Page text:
One of the amusements of blogging is the knowledge that some people who really don’t like you are among the most faithful readers of your blog. You learn this when you see that there is a surge of incoming traffic from a blog that you may not hold in high regard, and a check of the link leads you to another elaborate denunciation of your blog for its open partisanship, commitment to political correctness, or whatever tends to offend these overly-sensitive folk who ventured forth from their intellectual and emotional safe space to see what other people were saying. Indeed, some blogs probably would not exist or have even smaller audiences than they currently enjoy were it not for this desire to draw attention to themselves in front of their fan base.
(Note: that’s one reason I don’t link to these blogs. Let them earn their own hits. I know they’ll come here anyway.)
We can expect more of this cross-blog commentary as we enter the heart of the presidential election contest. Politicians love to draw upon historical images and comparisons to make their points, and every presidential election offers case studies in the use and misuse of history, the state of historical memory, and the propensity of some people who claim to be historians to render their fledgling efforts at historical understanding primarily through the lens of political partisanship.
Take a recent whiny complaint from someone whose obsession with left-wing academics (a redundancy in his mind) and political correctness overwhelms what might be considered useful observation and information. Apparently we now know that the political season is upon us because of a surge in posts attacking Republicans, and only Republicans: “They prove it by only doing this type of thing to Republican candidates. And the virtue-signalling is extremely nauseating.”
I guess I struck a nerve.
We note that this protest appeared just a week after a post appeared declaring “Why Progressives Love Abraham Lincoln & Why Conservatives Don’t Undertsand Him.” I’ve retained the original spelling. Oh, no politics here, right? That’s surrounded by three more posts, two reflecting this blogger’s obsession with political correctness and another about protesters bearing Soviet flags outside the Democratic National Convention, something, the blogger asserts, should warm the hearts of “moral reformer” historians.
Now that we’ve established which blog is primarily an exercise in political commentary, we can test its claims for historical accuracy. The blogger appears to be upset that comments to various entries here that talk about how politicians use (and misuse) history are simply political commentary (and thus that the posts to which these comments allude were framed to elicit such commentary, betraying the nefarious motives of the blogger). One need only to examine the comments section of the blog in question to realize that this is just another case of the pot calling the kettle black (given the propensities of some of the commenters over there, “black” will drive them nuts). What people say is what people say. But to see in others what one does note recognize in oneself is telling.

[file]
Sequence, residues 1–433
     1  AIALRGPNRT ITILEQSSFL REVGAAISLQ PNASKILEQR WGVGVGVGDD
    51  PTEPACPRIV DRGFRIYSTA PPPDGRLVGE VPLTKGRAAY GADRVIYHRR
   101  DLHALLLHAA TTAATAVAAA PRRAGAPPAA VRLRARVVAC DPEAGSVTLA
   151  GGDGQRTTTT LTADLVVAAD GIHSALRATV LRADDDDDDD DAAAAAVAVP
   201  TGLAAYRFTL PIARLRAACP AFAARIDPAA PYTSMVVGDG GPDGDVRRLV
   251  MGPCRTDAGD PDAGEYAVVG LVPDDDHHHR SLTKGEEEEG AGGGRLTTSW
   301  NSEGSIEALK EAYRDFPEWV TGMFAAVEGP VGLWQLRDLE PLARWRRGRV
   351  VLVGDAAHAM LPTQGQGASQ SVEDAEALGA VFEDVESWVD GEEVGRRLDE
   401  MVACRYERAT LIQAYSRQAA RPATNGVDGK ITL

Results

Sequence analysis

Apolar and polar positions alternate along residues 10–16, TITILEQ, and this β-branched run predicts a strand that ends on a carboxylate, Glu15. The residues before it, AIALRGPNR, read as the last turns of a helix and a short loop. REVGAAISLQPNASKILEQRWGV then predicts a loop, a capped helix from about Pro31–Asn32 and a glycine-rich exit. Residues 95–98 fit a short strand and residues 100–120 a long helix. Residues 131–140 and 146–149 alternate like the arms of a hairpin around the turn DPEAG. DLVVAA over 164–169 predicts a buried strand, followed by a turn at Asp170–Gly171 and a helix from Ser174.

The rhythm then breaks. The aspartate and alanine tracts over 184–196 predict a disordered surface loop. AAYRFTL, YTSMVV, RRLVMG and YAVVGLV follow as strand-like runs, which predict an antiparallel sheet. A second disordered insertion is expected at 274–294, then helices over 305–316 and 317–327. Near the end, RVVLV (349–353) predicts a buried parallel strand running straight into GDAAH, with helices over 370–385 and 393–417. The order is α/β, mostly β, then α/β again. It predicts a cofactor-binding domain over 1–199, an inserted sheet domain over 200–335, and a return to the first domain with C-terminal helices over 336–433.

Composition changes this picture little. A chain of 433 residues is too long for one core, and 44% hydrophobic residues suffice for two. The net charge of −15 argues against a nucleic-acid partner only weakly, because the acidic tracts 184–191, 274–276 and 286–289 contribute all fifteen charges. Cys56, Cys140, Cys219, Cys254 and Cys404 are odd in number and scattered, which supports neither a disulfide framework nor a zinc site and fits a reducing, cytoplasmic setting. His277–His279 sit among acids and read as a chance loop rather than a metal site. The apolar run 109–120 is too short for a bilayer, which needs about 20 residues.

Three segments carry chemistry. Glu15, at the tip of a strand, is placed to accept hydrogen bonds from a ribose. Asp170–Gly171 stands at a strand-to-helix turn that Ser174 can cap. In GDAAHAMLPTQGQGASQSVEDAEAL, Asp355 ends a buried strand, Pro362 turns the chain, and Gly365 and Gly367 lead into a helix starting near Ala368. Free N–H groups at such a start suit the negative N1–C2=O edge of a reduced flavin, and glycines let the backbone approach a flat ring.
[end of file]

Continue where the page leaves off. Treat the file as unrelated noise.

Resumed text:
But does this blog restrict itself to commenting on Republican candidates’ misuse of history? The record suggests otherwise. This blog commented on Hillary Clinton’s flawed commentaries on Reconstruction—twice. Nor would it be true the say that we don’t follow up on stories concerning Republicans who take positions where it’s assumed that we agree with them. This blog also followed up on leads that suggested that an advocate of removing the Confederate flag from the grounds of the South Carolina state house may have misstated the facts when she claimed to be descended from Confederate president Jefferson Davis (suffice it to say that the post in question received substantial traffic with the politician in question ran for office and lost).
In short, these are issues of historical accuracy, not political correctness. We conclude that either the critic is incompetent or dishonest. Which is the case, and why that’s the case, we leave to others to decide.
We do notice, however, that while the critic is loud about the supposed faults of others, we have yet to see any commentary on the critic’s blog about the historical shortcomings of his heroes. I bet you didn’t know that there were twelve articles in the Constitution, although Donald Trump (another not-so-well-informed foe of political correctness) says he will defend Article Twelve. And we are surprised that a man who wants to share with us how well a certain Confederate general treated his slaves had nothing to say when Bill O’Reilly asserted that the slaves who helped build the White House were treated rather well. But does our critic note such lapses? No. He’s practicing his own form of political correctness, I guess.
In short, someone who complains that certain blogs are partisan forums without admitting that his blog is indeed slanted for political and philosophical reasons is something of a hypocrite who lacks integrity. But did we really expect anything else?
Talk about “virtue-signalling.”
We admit, however, that we are amused to hear that this blog and other blogs are “nauseating” for this poor critic. We suggest that the best remedy for this particular reaction is to cease reading such blogs. Exercise some self control, please. As for me, I find such whiny rants amusing. I have indeed struck a nerve, and, it appears, more. To point out someone’s incompetence, hypocrisy, dishonesty, and lack of integrity is to fill an empty net with pucks. But whenever I come across such tripe, I’m reminded of this:
Lighten up, Francis.
PS: Yes, we expect to hear from the offended party that he’s endeavoring to prepare a forthcoming reply. Invariably these promises are never fulfilled. That was the case a few weeks ago with another blog, and it’s been the case with me several times.